Earlier this month US President Barack Obama signed an executive order declaring “a national emergency” in view of the “actions and policies of persons — including persons who have asserted governmental authority in the Crimean region without the authorization of the Government of Ukraine – that undermine democratic processes and institutions in Ukraine; threaten its peace, security, stability, sovereignty, and territorial integrity.” This order blocks all property and interests in the United States that belong to individuals under sanction, suspends entry into the United States, as immigrants or non-immigrants, of such persons, prohibits any type of donations to or benefitting such persons, and even forbids “any conspiracy formed to violate any of the prohibitions set forth in this order.” Section 10 of the order eliminates the possibility of challenging these sanctions in any court:
“This order is not intended to, and does not, create any right or benefit, substantive or procedural, enforceable at law or in equity by any party against the United States, its departments, agencies, or entities, its officers, employees, or agents, or any other person.”
Thus, the US president has essentially authorized the extrajudicial expropriation of any foreign-owned property located within the territory of the United States. This executive order is unprecedented. Never before has the United States introduced sanctions against individuals who have peacefully exercised their right to self-determination, as vested in them by the 1966International Covenant on Civil and Political Rights: “All peoples have the right of self-determination.By virtue of that right they freely determine their political status and freely pursue their economic, social and cultural development.” Ironically, in July 2009 the United States officially stated in a reference to the unilateral declaration of independence of Kosovo: “The legal principle of territorial integrity does not prevent non-state entities from peacefully declaring its independence.”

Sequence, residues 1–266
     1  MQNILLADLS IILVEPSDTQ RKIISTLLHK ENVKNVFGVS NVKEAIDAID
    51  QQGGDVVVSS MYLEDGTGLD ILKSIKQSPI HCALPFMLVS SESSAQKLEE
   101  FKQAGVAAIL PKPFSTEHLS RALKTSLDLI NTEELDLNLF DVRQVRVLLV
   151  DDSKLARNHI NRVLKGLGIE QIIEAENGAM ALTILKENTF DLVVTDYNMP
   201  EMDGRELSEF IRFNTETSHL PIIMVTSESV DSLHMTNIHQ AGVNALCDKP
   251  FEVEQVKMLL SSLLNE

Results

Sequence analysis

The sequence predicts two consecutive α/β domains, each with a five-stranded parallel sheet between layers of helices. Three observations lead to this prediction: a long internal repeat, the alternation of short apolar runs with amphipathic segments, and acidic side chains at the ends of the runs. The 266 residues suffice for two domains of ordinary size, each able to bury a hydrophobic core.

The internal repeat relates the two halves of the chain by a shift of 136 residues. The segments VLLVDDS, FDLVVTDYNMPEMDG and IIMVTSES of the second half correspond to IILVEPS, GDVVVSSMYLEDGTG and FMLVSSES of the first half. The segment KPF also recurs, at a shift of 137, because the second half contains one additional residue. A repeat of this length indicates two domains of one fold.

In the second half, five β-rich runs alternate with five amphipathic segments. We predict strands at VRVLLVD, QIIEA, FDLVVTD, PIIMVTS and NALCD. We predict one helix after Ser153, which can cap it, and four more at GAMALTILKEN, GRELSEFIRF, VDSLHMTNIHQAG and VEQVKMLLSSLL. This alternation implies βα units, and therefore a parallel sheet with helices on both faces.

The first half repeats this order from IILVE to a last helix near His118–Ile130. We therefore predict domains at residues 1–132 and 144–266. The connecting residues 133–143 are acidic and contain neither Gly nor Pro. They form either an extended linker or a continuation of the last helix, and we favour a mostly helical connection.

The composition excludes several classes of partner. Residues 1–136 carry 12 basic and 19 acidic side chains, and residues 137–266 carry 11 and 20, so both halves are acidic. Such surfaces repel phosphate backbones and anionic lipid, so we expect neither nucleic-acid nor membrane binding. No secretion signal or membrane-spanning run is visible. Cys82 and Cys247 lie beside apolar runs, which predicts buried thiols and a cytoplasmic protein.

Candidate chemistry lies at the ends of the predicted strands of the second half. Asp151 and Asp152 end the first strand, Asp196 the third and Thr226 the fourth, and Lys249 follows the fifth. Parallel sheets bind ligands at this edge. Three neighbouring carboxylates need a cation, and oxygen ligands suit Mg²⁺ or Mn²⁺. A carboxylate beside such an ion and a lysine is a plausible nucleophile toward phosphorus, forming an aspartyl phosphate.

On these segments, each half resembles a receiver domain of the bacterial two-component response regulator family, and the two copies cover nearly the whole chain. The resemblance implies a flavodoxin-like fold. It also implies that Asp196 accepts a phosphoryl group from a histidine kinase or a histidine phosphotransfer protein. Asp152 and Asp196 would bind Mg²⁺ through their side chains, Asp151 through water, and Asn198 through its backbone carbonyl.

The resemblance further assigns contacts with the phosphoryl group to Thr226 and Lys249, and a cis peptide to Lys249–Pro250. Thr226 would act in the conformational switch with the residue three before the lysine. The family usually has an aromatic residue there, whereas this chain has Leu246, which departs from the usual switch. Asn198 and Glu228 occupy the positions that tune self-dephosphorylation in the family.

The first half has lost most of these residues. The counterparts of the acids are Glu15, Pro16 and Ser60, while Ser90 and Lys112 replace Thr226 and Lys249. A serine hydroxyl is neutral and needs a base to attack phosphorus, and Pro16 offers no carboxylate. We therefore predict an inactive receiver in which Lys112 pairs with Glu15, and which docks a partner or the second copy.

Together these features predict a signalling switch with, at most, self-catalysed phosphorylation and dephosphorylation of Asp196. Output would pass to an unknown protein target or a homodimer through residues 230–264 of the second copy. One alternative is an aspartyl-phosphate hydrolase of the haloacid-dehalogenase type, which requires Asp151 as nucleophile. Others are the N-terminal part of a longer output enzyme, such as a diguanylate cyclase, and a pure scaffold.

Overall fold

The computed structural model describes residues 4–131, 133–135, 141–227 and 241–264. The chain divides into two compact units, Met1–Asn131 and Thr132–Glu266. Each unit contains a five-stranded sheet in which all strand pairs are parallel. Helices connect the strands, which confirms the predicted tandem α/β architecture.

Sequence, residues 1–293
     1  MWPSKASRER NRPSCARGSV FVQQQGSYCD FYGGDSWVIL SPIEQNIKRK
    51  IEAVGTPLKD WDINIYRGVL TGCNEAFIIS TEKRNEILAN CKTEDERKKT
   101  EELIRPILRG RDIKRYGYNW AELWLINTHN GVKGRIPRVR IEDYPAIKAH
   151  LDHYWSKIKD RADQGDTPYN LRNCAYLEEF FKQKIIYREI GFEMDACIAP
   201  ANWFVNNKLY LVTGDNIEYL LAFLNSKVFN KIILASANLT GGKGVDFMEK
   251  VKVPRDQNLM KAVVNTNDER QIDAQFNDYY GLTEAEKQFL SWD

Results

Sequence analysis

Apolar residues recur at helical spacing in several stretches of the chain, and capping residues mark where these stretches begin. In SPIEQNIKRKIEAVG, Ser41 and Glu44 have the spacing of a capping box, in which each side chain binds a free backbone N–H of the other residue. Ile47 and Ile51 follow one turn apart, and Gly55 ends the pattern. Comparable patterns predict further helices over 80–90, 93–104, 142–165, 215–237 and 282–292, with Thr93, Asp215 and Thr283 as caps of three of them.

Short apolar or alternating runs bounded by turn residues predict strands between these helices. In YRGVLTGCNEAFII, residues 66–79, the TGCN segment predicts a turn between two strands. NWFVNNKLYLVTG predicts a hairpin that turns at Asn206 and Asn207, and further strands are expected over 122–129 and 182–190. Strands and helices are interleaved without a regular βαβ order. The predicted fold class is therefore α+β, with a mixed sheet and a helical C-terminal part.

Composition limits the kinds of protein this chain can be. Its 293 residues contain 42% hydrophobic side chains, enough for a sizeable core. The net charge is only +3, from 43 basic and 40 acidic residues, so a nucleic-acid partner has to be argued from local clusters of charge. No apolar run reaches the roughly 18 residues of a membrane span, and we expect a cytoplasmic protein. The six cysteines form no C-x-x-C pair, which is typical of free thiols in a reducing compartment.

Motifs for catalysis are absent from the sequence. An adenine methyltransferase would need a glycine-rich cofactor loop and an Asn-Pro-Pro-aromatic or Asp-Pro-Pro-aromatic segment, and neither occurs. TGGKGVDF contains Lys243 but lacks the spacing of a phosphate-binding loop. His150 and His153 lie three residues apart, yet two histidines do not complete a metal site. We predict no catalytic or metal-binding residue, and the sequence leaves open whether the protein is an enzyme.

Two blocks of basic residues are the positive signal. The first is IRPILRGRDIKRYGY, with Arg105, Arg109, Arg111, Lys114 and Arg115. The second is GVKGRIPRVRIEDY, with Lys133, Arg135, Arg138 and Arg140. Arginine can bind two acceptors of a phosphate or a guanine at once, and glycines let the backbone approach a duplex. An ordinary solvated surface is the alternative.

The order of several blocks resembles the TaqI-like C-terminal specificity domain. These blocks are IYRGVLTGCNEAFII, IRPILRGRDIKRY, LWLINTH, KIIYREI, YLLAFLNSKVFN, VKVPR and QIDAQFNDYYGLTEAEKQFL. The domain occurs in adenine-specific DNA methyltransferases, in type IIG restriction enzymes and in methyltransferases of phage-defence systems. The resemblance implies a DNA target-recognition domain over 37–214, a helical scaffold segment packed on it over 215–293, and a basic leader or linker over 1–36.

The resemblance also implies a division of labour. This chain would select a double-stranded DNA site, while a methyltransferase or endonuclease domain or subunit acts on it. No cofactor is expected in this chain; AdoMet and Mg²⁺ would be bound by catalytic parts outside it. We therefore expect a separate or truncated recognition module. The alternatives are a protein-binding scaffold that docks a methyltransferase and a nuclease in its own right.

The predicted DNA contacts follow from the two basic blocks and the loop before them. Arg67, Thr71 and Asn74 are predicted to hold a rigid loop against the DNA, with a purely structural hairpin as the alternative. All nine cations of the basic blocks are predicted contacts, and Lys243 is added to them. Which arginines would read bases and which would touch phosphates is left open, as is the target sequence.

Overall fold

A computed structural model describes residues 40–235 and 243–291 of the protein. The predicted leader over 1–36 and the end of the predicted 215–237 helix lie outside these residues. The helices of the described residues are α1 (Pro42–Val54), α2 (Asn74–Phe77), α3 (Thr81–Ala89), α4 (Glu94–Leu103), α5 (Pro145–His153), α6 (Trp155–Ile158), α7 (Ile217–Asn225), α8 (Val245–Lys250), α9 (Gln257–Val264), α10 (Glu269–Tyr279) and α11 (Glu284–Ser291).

The double and even triple standards of the US in regard to the situation in Crimea have already been fully unmasked by many international analysts. Thus, the Russian refusal to consider the unscrupulous and baseless claims made by the West in regard to the issue of Crimean sovereignty and reunification is widely seen as justified and exemplary. Tuesday’s decision by Russia to grant the request of the overwhelming majority of Crimeans who voted on Sunday to rejoin Russian Federation is in reality a prime example of “democracy in action” in its most classic form. Watching the delighted public celebrating this reunification all over the Crimean peninsula in the last few days, only the most shameless presstitutes could insist that the 1.2 million Crimeans who opted for a Russian Crimea (of the 1.5 million registered voters on the peninsula) cast their ballots “at the gunpoints of the Russian occupation forces.”
Faced with this fundamental reality, the political impotence of the Western power groups that have an interest in reincarnating the Cold War and marginalizing Russia is evident. The announced sanctions seem even more ridiculous once one realizes that since 2013 Russian internal legislation has forbidden any Russian official or legislator (the US sanctions list includes only individuals from this category) from legally owning or exploiting any kind of personal assets abroad. As a matter of fact, Obama’s executive order encourages the enforcement of Russia’s internal legislation, which is intended to consolidate elites, and it exposes the hypocritical approach of the United States to its declared mission of “promoting democracy and the rule of law.” Today we see that Russia is the real bastion of democracy and justice, any ally can reckon on.